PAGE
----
By Jade Belzberg
Last month, I ran Noble Canyon 50K, a classic race in the Laguna Mountains outside of San Diego. I knew it would be a tough race, not because I wasn’t trained or temperatures were expected to be extreme—my training had gone well and the forecast called for a high of 75°F—but because I knew I was on day 23 of my menstrual cycle.
The week leading up to my period can be challenging. Along with cramps, I find that my legs feel heavier, I’m more likely to experience GI issues, and I simply don’t feel like I’m at my strongest. Most people who menstruate can probably relate.
Research currently shows that where one is on their cycle does not relate to performance outcomes, but race day may go better if you know how to fuel your body. This is particularly important, as fueling needs for a race differ depending on which phase of their cycle an athlete is in. In her book Roar: How to match Your Food and Fitness to Your Female Physiology for Optimum Performance, Great Health, and a Strong, Lean Body for Life, Dr. Stacy Sims explains how carbohydrate needs are higher during the luteal phase; this need is further increased when performing endurance exercise—like ultrarunning.
The menstrual cycle has three main phases: the follicular phase, the ovulatory phase, and the luteal phase. Energy needs differ depending on the hormone levels that characterize each phase. For example:
- During the follicular phase, also know as the low hormone phase, 30 to 40 grams of carbohydrates per hour is needed.
- During the luteal phase, also known as the high hormone phase, carbohydrate requirements increase to about 50 grams per hour. Adding in higher amounts of fat and protein can also be helpful before and during workouts.
What happens when you get to 60 grams of carbohydrates per hour? GI issues can result due to slower gut transit times in women.
During the Noble Canyon 50K, I was in my luteal phase, which requires a higher amount of carbohydrates. Since each Spring Awesome Sauce contains 45 grams of carbohydrates and I was planning on a roughly 5-hour finish, I consumed six gels, along with some aid station food, like watermelon. I could have used higher fat amounts, so taking along one or two Spring Energy Speednut gels could have also worked well.
Tracking your cycle is an important part of knowing how to fuel yourself. While some birth control options, like the Fertility Awareness Method, teach those with a cycle to track using basal temperature and cervical mucous, apps with or without accompanying basal temperature monitors have made this even easier. I’ve been using the Daysy Fertility Tracker for five years and appreciate how my period can be predicted based on my previous cycle information. There are numerous apps that can be used, however, including Flo, Clue, and MyFlo. Recording information about how you feel on any given day of your cycle can also be helpful for predicting and adjusting energy needs.
While the above information can be used for those using intrauterine devices (IUDs) or not on any form of hormonal contraceptives (and instead opting for the Fertility Awareness Method), some forms of hormonal contraception, like the pill, have different impacts. This is largely due to the pill creating phases that are different from a natural cycle. For example:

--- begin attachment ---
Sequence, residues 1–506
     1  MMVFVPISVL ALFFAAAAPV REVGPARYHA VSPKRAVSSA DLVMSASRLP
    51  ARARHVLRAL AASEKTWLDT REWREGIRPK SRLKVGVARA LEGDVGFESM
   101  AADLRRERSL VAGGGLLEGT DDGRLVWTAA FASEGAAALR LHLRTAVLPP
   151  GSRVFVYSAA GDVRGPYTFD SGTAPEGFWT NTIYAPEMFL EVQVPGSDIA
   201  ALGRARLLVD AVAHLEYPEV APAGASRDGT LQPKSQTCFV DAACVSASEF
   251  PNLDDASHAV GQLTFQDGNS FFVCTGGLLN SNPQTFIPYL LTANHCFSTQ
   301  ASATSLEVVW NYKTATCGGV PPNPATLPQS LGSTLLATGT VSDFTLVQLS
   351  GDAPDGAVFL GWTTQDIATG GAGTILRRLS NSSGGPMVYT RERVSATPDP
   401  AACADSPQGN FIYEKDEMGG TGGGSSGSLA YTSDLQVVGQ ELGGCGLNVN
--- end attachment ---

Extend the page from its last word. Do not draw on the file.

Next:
- The first five days of the active pill is equivalent to the mid-follicular phase.
- Following these five days, the body transitions to the equivalent of the high hormone phase. Note that these exogenous hormones are higher than what one would experience on a natural cycle.
- In the last week, when the placebo pill is taken, hormones are back to being equivalent to the mid-follicular phase.
Since these phases are different, nutrition needs will be different, too. Athletes using oral contraceptives may find they require more carbohydrates, and increased Spring Energy gels during racing and training, during the middle 2-3 weeks of their 4-week cycle.
While this information may seem like it pertains only to athletes who menstruate, those in the role of coach, spouse, training partner, and teammate should also understand how the menstrual cycle impacts menstruating athletes so they can offer support. We should all encourage athletes to fuel themselves as best as they can.
Folscher, L. L., Grant, C. C., Fletcher, L., & Janse van Rensberg, D. C. (2015). Ultra-Marathon Athletes at Risk for the Female Athlete Triad. Sports medicine - open, 1(1), 29. Retrieved from: https://www.ncbi.nlm.nih.gov/pmc/articles/PMC4564455/
Sims, Stacy. (2016). Roar: How to match Your Food and Fitness to Your Female Physiology for Optimum Performance, Great Health, and a Strong, Lean Body for Life. Rodale Books.
Sims, S. T., & Heather, A. K. (2018). Myths and Methodologies: Reducing scientific design ambiguity in studies comparing sexes and/or menstrual cycle phases. Experimental physiology, 103(10), 1309–1317. Retrieved from: https://physoc.onlinelibrary.wiley.com/doi/full/10.1113/EP086797
Sims, S. T., Ware, L., & Capodilupo, E. R. (2021). Patterns of endogenous and exogenous ovarian hormone modulation on recovery metrics across the menstrual cycle. BMJ open sport & exercise medicine, 7(3), e001047. Retrieved from: https://www.ncbi.nlm.nih.gov/pmc/articles/PMC8291316/